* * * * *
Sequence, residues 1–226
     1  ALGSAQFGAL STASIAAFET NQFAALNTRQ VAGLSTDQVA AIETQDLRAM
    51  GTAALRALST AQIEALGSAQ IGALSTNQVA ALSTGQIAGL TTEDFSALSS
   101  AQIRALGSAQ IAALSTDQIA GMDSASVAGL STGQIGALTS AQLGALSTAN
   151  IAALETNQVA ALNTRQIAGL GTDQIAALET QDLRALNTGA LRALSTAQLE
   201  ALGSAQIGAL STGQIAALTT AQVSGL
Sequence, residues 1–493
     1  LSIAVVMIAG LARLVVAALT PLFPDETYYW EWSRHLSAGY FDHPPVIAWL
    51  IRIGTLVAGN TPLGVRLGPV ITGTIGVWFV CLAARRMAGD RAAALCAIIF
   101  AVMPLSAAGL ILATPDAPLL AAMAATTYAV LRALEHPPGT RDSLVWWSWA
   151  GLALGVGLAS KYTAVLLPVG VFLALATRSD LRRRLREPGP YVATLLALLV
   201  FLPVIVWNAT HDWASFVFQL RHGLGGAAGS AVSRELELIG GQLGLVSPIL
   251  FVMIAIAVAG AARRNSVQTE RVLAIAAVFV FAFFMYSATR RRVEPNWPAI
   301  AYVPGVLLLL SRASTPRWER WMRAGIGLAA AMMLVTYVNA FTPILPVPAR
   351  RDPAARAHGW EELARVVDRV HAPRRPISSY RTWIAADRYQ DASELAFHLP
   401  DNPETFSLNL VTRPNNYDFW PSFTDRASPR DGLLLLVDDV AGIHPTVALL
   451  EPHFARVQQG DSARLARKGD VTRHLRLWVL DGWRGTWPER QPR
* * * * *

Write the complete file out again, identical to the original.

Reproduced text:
Sequence, residues 1–226
     1  ALGSAQFGAL STASIAAFET NQFAALNTRQ VAGLSTDQVA AIETQDLRAM
    51  GTAALRALST AQIEALGSAQ IGALSTNQVA ALSTGQIAGL TTEDFSALSS
   101  AQIRALGSAQ IAALSTDQIA GMDSASVAGL STGQIGALTS AQLGALSTAN
   151  IAALETNQVA ALNTRQIAGL GTDQIAALET QDLRALNTGA LRALSTAQLE
   201  ALGSAQIGAL STGQIAALTT AQVSGL
Sequence, residues 1–493
     1  LSIAVVMIAG LARLVVAALT PLFPDETYYW EWSRHLSAGY FDHPPVIAWL
    51  IRIGTLVAGN TPLGVRLGPV ITGTIGVWFV CLAARRMAGD RAAALCAIIF
   101  AVMPLSAAGL ILATPDAPLL AAMAATTYAV LRALEHPPGT RDSLVWWSWA
   151  GLALGVGLAS KYTAVLLPVG VFLALATRSD LRRRLREPGP YVATLLALLV
   201  FLPVIVWNAT HDWASFVFQL RHGLGGAAGS AVSRELELIG GQLGLVSPIL
   251  FVMIAIAVAG AARRNSVQTE RVLAIAAVFV FAFFMYSATR RRVEPNWPAI
   301  AYVPGVLLLL SRASTPRWER WMRAGIGLAA AMMLVTYVNA FTPILPVPAR
   351  RDPAARAHGW EELARVVDRV HAPRRPISSY RTWIAADRYQ DASELAFHLP
   401  DNPETFSLNL VTRPNNYDFW PSFTDRASPR DGLLLLVDDV AGIHPTVALL
   451  EPHFARVQQG DSARLARKGD VTRHLRLWVL DGWRGTWPER QPR